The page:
20130209-111011.jpgBecause any college class worth the tuition asks you to venture into new territory, I’m asking you to think of a “Safe vs. Risky” category, where you can demonstrate your ability to differentiate between posts that are mostly “Safe” because they stick close to what you already know and understand, and “Risky” because you are trying something new.

Bloom’s taxonomy would describe as summarizing/understanding/applying as safer intellectual activities, and analysis, synthesis, evaluation, and creation as riskier ones. (See image at right, or Bloom’s New Taxonomy.)

Portfolio Categories

First, a cover post that introduces your blog (so that a stranger who came across this page would understand its purpose), and that introduces a main idea that the following details will help you to support. Provide a conclusion that connects what you have blogged to your progress towards meeting the course goals. (Check the syllabus.)

  • Depth (you have gone into more than usual detail, in terms of length, complexity of argument, use of quotations, etc.)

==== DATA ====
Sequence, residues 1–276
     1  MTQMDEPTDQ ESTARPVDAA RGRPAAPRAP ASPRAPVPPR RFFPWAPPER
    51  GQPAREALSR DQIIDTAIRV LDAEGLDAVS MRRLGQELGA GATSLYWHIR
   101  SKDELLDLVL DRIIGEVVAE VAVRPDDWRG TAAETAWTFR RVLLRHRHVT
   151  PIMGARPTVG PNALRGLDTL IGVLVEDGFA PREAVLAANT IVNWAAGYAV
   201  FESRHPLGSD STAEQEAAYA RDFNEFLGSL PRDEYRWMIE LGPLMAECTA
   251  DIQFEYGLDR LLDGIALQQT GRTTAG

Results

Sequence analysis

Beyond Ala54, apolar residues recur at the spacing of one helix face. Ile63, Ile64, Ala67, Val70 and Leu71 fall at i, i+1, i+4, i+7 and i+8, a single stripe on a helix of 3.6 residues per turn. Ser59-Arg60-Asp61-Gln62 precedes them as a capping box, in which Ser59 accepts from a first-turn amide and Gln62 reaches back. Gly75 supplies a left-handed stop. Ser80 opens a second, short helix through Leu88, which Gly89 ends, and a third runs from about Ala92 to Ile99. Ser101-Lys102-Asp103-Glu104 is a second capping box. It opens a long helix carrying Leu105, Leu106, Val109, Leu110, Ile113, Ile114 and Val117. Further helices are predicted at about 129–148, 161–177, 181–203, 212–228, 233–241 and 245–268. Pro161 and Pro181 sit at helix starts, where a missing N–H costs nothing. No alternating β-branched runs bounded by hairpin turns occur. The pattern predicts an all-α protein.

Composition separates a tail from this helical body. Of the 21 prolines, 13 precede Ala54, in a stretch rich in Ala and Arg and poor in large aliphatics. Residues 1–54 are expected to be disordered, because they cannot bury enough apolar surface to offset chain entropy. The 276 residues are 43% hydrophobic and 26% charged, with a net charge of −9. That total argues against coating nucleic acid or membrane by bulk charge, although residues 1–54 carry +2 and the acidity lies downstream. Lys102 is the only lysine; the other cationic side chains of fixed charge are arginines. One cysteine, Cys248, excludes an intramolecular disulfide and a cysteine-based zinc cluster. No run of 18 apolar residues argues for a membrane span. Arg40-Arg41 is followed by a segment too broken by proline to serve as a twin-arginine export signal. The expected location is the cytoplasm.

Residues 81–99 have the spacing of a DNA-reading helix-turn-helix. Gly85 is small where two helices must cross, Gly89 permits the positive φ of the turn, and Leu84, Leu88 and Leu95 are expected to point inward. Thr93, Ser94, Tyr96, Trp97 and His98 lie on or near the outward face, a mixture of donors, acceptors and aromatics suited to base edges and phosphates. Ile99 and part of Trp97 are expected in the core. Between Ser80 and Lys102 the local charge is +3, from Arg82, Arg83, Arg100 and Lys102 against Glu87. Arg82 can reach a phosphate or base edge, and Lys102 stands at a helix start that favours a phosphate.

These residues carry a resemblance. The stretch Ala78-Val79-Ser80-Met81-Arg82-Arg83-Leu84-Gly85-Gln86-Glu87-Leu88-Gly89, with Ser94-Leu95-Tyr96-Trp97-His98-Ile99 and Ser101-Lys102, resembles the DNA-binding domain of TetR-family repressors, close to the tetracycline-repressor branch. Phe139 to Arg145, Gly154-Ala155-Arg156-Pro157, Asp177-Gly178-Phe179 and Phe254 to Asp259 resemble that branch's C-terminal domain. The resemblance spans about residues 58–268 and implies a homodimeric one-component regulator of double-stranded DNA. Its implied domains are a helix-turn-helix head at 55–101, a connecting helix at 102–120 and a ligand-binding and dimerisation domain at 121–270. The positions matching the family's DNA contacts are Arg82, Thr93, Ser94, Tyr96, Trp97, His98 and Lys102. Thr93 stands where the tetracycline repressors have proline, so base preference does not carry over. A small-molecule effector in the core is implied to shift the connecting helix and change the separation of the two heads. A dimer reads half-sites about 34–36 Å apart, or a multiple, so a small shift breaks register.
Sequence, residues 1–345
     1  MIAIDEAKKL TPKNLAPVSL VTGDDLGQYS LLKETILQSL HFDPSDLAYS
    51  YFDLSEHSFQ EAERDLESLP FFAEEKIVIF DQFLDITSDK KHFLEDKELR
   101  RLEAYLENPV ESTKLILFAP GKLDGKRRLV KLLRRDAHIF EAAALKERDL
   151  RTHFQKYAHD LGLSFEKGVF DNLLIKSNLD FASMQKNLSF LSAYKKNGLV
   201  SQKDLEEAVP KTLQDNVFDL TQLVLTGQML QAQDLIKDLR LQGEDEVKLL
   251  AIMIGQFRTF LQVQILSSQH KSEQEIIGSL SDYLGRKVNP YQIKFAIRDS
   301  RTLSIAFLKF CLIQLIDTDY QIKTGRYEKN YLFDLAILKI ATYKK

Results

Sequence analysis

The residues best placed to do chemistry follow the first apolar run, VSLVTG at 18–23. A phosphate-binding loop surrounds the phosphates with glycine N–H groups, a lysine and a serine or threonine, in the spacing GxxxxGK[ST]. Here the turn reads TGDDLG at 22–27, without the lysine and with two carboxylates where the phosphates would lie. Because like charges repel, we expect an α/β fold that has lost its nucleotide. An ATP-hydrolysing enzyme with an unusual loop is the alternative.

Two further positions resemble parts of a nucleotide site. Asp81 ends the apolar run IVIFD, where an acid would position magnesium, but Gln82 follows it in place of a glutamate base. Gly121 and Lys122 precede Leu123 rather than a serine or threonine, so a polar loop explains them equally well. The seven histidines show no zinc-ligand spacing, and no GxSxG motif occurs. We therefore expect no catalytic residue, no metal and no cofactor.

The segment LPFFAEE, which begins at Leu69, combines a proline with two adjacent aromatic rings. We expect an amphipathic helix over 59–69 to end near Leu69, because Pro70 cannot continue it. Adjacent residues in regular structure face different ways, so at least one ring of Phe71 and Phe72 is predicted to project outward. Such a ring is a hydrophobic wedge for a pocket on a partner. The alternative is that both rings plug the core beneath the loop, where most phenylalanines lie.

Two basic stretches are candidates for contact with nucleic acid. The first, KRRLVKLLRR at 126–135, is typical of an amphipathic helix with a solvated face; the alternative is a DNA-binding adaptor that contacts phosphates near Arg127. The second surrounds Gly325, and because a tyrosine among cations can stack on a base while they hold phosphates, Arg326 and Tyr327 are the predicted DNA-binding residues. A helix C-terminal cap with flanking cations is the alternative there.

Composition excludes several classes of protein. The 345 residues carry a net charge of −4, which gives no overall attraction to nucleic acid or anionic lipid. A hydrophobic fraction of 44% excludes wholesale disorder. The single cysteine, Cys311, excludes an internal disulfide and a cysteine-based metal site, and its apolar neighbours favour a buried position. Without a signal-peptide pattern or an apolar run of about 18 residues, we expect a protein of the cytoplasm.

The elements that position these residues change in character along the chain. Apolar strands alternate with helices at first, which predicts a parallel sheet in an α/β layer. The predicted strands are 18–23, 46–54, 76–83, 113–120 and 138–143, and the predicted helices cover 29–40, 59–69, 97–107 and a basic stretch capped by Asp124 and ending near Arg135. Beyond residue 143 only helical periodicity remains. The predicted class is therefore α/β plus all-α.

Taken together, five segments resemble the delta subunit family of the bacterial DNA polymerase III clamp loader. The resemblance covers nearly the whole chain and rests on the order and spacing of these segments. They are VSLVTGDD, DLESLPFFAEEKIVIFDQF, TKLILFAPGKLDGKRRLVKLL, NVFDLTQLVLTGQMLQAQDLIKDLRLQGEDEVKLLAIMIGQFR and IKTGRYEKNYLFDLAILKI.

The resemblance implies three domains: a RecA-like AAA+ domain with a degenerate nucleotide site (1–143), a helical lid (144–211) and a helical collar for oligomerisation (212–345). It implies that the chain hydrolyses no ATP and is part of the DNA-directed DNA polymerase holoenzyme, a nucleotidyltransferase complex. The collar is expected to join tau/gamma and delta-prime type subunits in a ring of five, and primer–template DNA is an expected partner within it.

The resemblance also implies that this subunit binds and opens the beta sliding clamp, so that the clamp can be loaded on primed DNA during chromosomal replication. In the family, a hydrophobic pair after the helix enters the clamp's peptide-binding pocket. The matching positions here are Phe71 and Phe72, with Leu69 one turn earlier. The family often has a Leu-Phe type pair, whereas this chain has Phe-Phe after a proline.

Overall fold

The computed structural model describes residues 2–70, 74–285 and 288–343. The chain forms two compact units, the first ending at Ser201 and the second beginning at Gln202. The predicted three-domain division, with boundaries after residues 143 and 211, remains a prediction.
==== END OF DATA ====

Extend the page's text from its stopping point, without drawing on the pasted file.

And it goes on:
• Riskiness (you have not only posted several entries that build on your strengths, you have also taken risks that take you out of your comfort zone);
  • Intertextuality (something someone else wrote — in a class assignment, in a reading on the syllabus, or just about anywhere — wrote sparked you intellectually; perhaps you linked to a classmate’s blog post, quoted something someone said in class, brought in a current event or something you learned in another class, or otherwise demonstrated your ability to draw on more sources than just the assigned textbook)
  • Discussion (something you wrote on your blog or on a classmate’s blog launched or participated substantially in an extended, thoughtful discussion — one that you helped to sustain by returning and posting further comments)